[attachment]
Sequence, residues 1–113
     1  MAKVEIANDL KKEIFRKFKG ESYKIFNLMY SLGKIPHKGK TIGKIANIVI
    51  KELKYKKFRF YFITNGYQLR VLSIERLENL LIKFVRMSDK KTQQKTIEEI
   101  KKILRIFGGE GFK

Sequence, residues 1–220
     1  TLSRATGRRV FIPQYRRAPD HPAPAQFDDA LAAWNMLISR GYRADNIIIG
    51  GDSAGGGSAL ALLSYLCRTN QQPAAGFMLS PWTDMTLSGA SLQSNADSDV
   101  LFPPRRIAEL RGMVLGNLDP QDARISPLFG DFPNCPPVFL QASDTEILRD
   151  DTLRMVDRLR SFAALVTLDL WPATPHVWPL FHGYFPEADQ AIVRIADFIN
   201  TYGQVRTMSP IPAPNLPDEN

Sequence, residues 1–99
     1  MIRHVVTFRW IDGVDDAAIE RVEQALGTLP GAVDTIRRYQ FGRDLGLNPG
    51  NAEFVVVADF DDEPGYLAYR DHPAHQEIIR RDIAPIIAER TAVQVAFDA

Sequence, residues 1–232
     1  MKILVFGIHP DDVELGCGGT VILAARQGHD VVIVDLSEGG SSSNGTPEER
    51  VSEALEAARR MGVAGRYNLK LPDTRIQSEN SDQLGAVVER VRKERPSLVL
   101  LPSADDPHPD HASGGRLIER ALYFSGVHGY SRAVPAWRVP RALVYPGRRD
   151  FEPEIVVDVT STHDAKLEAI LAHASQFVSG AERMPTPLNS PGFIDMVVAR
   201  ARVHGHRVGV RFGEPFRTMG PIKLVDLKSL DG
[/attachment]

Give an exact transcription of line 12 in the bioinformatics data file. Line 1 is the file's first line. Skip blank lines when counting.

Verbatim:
     1  MIRHVVTFRW IDGVDDAAIE RVEQALGTLP GAVDTIRRYQ FGRDLGLNPG